Japan's shares closed at a 15-year high after data showed the country's trade account fell into a deficit in April, but was still better than expected.
The deficit was 53.4bn yen ($440m; £283m) - lower than 825.5bn yen a year ago, and below expectations of 318.9bn yen. There was a surplus in March.
Exports in the world's third largest economy rose 8% from a year ago - up for the eighth month - but imports fell by 4.2%, well above the 1.5% forecast.
The Nikkei was up 0.7% to 20,413.77.
That marks the seventh consecutive rise for the benchmark index, which is on its longest winning streak since December. It has gained 4.3% in the period.
Investors were expecting the deficit, but sentiment was boosted by the fact that the shortfall was much lower than anticipated.
Shares of Japan Tobacco were up 1.1% after local reports that Suntory Beverage & Food would buy its beverage vending machine business for 150bn yen. The firm had announced in February that it was getting out of the beverage industry.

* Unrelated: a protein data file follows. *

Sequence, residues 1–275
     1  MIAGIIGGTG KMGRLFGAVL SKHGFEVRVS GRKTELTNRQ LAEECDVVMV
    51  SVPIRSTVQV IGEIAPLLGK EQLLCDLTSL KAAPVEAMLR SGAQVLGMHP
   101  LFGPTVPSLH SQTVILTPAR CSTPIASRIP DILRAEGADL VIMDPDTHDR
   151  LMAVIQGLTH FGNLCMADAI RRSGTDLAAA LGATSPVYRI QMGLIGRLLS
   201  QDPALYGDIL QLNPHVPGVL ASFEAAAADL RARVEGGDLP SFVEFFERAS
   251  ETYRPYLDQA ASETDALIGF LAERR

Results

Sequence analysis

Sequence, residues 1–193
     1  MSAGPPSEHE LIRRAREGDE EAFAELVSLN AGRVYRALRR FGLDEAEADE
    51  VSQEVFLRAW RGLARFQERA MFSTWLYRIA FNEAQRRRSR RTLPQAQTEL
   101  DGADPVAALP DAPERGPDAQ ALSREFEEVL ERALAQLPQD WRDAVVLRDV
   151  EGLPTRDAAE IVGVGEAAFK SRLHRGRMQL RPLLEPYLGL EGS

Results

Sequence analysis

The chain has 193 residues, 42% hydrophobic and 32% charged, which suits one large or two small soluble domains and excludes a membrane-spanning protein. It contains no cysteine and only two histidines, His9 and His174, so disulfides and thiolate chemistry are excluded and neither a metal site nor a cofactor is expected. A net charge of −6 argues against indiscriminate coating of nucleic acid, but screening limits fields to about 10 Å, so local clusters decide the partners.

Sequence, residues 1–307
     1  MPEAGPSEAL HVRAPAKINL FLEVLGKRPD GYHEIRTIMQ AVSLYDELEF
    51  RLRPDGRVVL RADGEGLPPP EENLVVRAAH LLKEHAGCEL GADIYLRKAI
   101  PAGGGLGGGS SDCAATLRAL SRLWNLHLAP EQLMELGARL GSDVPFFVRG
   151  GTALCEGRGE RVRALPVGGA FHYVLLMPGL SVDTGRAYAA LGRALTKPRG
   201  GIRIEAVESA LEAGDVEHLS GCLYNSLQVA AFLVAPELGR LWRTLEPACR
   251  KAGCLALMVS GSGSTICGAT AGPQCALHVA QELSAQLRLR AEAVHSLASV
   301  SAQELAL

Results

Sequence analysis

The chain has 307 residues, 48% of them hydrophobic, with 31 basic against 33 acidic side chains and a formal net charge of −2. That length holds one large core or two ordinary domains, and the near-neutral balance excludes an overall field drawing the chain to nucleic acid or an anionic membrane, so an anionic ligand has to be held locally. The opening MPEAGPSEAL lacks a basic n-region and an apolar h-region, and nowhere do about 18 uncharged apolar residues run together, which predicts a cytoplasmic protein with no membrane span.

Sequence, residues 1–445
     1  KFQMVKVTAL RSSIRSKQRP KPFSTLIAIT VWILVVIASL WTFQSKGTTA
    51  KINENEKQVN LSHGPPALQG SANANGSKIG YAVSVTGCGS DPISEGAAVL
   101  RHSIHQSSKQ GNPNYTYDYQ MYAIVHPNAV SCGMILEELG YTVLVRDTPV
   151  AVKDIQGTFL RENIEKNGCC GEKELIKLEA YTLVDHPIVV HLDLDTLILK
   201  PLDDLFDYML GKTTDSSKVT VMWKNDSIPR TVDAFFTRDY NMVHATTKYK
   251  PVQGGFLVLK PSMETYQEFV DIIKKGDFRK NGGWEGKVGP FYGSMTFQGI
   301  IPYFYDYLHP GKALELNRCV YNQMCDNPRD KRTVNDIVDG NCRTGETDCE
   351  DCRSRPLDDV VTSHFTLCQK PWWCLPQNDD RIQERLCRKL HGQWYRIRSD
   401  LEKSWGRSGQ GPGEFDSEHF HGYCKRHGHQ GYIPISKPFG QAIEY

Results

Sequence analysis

China leads gains
Chinese shares hit another seven-year high with the Shanghai Composite up 2.4% to 4,768.98 - leading the region's gains.
Infrastructure and transport stocks boosted the benchmark index after Beijing said it was seeking private funding for over $300bn (£193bn) worth of public projects.
The Hong Kong market was closed for a public holiday.
In Australia, the S&P/ASX 200 ended higher by 1% to 5,721.5.
Shares of miner Sirius Resources jumped more than 21% after fellow miner Independence Group launched a $1.4bn bid to take it over and create a diverse base metals and gold mining group.
Meanwhile, markets in South Korea were closed for Buddha's birthday holiday.